With the formal end of the war in Iraq this week, I post this column that I wrote after its first year.
Almost one year after President Bush stood on the deck of an aircraft carrier moored off the coast of California and triumphantly boasted, "Mission accomplished," and major U.S. combat operations in Iraq were over, the situation, to put it succinctly, is a bloody mess.
That presidential moment, preceded by a male testosterone-induced jet-landing stunt, has proven to be untimely because hundreds of Americans have died since then, not in the name of freedom or to counter Muslim terrorism, but to transform Iraq into a democracy.
Iraqis dancing in the streets last spring, rejoicing over the downfall of Saddam Hussein, has been replaced by frequent acts of random violence. Today, once jubilant Iraqis are, no doubt, as much concerned about what the future holds as are American families whose military sons' and daughters’ tours of duty were abruptly extended last week.
Indeed, the only thing that’s been accomplished in the last twelve months is to entangle this nation in a billion-dollar-a-week struggle that’s slowly paralleling the quagmire we endured for fourteen years in Vietnam.
This time, though, it’s starting off more lethal!
According to the Reuters news agency, Department of Defense data designates the start of the Vietnam War as December 11, 1961. In the first three years, nearly 400 Americans died in Southeast Asia. As we enter the second year in Iraq, the war borders on chaotic, while the number of American military casualties is fast approaching 700, including some 50 KIAs last week. There are more pockets of resistance now than following the "Shock and Awe" bombing campaign that preceded ground combat.
As the war drags on, the tragedy that precipitated it is being investigated by a commission, which is revealing staggering evidence about the incompetence of the nation’s domestic and international intelligence agencies and negligence of top government officials.
Mind you, this bipartisan, independent authority was adamantly opposed by the Bush Administration. It was authorized only after various family members of 9/11 victims persisted in their effort to obtain answers about the terrorist attacks that took almost 3,000 lives.
The commission’s report, scheduled to be issued by midsummer, will likely focus on the ineptitude of the FBI and CIA, particularly the rivalry that has traditionally led to keeping each other out of the loop when it comes to sharing vital information. If nothing else, there has to be a complete overhaul of how these agencies operate — and cooperate — from now on.
We know now that the critical report – the Presidential Daily Briefing of August 6, 2001, "Bin Laden Determined to Strike the U.S." — the administration grudgingly declassified last week, contained little new information, but still deserved attention because it pointed to something in the wind.
When former White House counterterrorist chief Richard Clarke, who served America’s last four presidents, recently testified before the commission, he claimed he tried on numerous occasions to warn the president and National Security Adviser Condoleeza Rice about the Al Qaeda threat, but was always rebuffed since they seemed more obsessed with overthrowing the Iraqi dictator.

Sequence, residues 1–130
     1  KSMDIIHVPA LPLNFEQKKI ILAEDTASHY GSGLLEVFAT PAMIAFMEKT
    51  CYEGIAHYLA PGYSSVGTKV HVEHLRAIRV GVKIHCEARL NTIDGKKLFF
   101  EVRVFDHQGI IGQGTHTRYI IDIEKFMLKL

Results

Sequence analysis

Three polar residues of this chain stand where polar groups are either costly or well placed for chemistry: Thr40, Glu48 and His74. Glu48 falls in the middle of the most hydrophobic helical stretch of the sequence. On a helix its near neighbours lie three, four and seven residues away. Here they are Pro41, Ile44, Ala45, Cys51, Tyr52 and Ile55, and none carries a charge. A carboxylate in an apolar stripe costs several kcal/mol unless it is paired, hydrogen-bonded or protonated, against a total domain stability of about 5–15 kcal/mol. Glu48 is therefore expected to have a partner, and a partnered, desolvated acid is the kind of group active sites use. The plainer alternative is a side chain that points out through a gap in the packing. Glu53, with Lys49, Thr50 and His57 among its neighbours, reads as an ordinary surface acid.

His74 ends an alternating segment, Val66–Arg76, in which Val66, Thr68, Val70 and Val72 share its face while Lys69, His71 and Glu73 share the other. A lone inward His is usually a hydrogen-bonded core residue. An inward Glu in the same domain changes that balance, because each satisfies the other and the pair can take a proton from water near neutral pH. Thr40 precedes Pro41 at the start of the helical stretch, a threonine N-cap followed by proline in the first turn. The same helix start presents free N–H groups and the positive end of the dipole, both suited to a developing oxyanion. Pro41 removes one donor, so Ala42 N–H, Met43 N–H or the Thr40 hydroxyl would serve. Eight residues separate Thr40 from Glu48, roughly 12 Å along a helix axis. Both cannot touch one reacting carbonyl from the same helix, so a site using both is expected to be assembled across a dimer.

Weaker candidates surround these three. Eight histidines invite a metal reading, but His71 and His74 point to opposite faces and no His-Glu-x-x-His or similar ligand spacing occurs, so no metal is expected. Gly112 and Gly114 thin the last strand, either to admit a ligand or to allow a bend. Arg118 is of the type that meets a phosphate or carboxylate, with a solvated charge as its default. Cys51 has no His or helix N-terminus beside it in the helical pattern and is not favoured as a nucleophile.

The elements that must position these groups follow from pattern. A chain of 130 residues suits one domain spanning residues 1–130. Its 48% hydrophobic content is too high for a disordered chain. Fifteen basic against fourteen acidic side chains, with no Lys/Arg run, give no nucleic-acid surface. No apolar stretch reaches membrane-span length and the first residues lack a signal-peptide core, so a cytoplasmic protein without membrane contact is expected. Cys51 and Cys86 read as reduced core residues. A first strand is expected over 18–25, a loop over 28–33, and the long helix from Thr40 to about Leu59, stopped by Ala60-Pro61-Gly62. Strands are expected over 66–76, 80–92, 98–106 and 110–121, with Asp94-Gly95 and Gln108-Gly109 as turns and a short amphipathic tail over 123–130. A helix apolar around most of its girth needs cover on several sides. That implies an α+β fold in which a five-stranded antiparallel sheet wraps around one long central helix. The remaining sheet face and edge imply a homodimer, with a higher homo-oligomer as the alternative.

However sincere, Clarke’s testimony was a bit tainted by the fact he’d recently been promoting a book in which he denounced the Bush administration’s negligence in the months preceding 9/11. Clarke maintains that Bush was focused on ousting Saddam Hussein while Osama bin Laden and Al Qaeda were afterthoughts.
When Rice appeared before the commission last week, she was unyielding, yet unconvincing and uninformative, in her defense about disregarding the Al Qaeda threat, but did support Clarke’s criticism of FBI and CIA bungling of information.
From the information gleaned thus far by the commission, it’s highly improbable anyone in the White House could have been prevented the 9/11 attacks, nevertheless, it is evident that the Bush administration was mindful of something in the air, yet failed to take appropriate action for what they judged to be vague "patterns of suspicious activity."
The altered process in reacting to suspicious terrorist chatter since 9/11 is agonizingly unmistakable every time the White House issues a terror alert upgrade based on any speck of evidence it collects.
If the Bush Administration were as vigilant to warnings of domestic terrorism as it was to foreign intelligence reports about Iraqi weapons of mass destruction, perhaps they would not have to be on the defensive now.
If President George W. Bush hopes to earn a distinguished place in American history, and win a second term in November, he can start by taking responsibility for what happened on his watch — from intelligence breakdowns to the botched mission in Iraq — and restore the deteriorating confidence of the American public.
Once and for all, Mr. President, we need to hear the truth. We can handle it.